Patients, Loved Ones Struggle To Pay Rising Health Care Costs
One man and his wife downsized and sold most of their belongings to pay for his medical costs as he fights brain cancer.LEARN MORE
The 2021 Price Transparency Rule requires hospitals to make procedure costs available online, but many haven't fallen in line.
Robert Smith went to the doctor in fall of 2020 for a routine colonoscopy, a procedure he's gotten for years due to having Crohn's disease. All was well until he got the bill.
"A colonoscopy in Florida is not going to be as high as a colonoscopy in New York City, but twice as much?" Smith said.
Smith doesn't want to be shown on camera because he has family members who work for NYU Langone — the hospital he visited.
Smith's billing statements show the total charge for the colonoscopy was hundreds of dollars higher than his last colonoscopy with New York Presbyterian in 2015, even though he had the same insurer. Even when adjusting for inflation, Smith says it isn't close.
"I could see if it was something extraordinary that happened during the procedure, that would be a cause for a huge or significant price increase, but that wasn't the case," Smith said.
Kaiser Health News Reporter Julie Appleby says a lot goes into the cost of a procedure, varying from one hospital to the next.
"Prices can vary based on who your insurer is, who the hospital is, what their relative sort of position in the market is, how well they can negotiate," Appleby said.
In Smith's case, a letter from NYU Langone states the difference came down to the negotiated rate with his insurer.
Newsy reached out to NYU Langone for comment and never heard back.
In 2021, the Centers for Medicare and Medicaid Services, or CMS, implemented the Price Transparency Rule, requiring hospitals to make the cost of a procedure readily available online so people can shop around.
"Why wouldn't anyone want to know where they could get a $300 MRI versus paying $3,000 in a major hospital system? That's huge," said Cynthia Fisher, the founder of PatientRightsAdvocate.org.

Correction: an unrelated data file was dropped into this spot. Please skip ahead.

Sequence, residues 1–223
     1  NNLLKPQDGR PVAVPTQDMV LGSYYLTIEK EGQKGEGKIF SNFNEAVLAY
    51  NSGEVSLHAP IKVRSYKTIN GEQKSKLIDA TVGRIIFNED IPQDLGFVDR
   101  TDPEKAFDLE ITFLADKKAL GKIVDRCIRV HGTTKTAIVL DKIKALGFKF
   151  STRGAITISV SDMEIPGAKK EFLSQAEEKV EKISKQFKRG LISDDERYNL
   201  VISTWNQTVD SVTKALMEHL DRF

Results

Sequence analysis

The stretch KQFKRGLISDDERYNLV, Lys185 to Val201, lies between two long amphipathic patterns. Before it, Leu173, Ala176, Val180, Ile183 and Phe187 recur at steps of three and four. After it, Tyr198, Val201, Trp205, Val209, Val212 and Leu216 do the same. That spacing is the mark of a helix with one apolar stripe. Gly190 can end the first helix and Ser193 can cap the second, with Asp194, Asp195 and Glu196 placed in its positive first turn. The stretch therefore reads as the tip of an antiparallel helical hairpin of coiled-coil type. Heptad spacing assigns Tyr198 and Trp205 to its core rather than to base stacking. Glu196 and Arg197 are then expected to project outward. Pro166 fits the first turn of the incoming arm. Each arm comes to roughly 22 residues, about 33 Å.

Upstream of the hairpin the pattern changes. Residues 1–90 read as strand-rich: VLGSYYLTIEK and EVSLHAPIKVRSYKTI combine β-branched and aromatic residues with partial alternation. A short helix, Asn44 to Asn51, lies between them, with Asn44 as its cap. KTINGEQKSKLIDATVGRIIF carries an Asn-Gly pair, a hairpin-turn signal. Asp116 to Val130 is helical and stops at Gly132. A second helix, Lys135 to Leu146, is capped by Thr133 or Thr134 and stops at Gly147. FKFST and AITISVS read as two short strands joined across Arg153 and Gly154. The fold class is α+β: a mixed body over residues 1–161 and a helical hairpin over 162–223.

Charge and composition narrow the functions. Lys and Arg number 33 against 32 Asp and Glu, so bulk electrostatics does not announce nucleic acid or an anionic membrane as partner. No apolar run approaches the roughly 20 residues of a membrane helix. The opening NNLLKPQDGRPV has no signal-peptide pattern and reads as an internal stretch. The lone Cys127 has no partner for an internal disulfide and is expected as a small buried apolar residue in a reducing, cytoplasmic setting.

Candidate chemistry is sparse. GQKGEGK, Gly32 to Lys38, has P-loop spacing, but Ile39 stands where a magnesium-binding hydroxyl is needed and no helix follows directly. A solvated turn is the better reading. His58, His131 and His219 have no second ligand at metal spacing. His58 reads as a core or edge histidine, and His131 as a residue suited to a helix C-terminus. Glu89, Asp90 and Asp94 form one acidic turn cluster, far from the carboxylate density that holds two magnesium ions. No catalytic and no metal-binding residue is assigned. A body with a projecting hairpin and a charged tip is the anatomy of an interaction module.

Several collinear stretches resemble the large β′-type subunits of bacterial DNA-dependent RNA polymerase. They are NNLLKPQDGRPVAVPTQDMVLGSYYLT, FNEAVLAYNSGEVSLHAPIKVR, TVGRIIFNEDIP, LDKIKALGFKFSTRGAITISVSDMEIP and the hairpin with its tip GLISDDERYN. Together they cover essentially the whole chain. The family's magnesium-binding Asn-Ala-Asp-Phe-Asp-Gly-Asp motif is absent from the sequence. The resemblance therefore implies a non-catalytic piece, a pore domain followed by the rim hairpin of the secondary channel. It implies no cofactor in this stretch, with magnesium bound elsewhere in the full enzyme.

Fisher says while NYU may have the information, the majority of hospitals haven't followed suit.
"We are over 20 months into the law requiring all hospitals to post their prices, and unfortunately, only 16% of the hospitals in this country are posting all of their prices," Fisher said.
The federal government has fined two hospitals a little more than $1 million for noncompliance. A spokesperson told Newsy as of October 2022, it has issued 388 warnings and requested 204 corrective action plans, adding that 243 hospitals had addressed previous citations.
"Within a couple of weeks, those hospitals posted exemplary files where the prices are now easy to find in those hospital systems," Fisher said. "That is success to change the game."
CMS encourages the public to report any hospitals that aren't in compliance via their website.
"Some of the larger hospitals could face fines of up to $2 million for not posting this, so there are some teeth in that law," Appleby said.
Smith was a squeaky wheel, challenging the billing department, keeping detailed notes and filing complaints. He says NYU Langone never admitted fault but eventually absolved the balance.
"Being an educated patient consumer is very important because you'll find that a lot of mistakes are being made," Smith said.
The transparency rule isn't perfect, and sometimes the prices are difficult to find online. Still, Fisher says it's a step in the right direction to making the costs competitive.
"It's broken, so the only way we can change the system is when we, as patients, have power to be well-informed about our health decisions," Fisher said.
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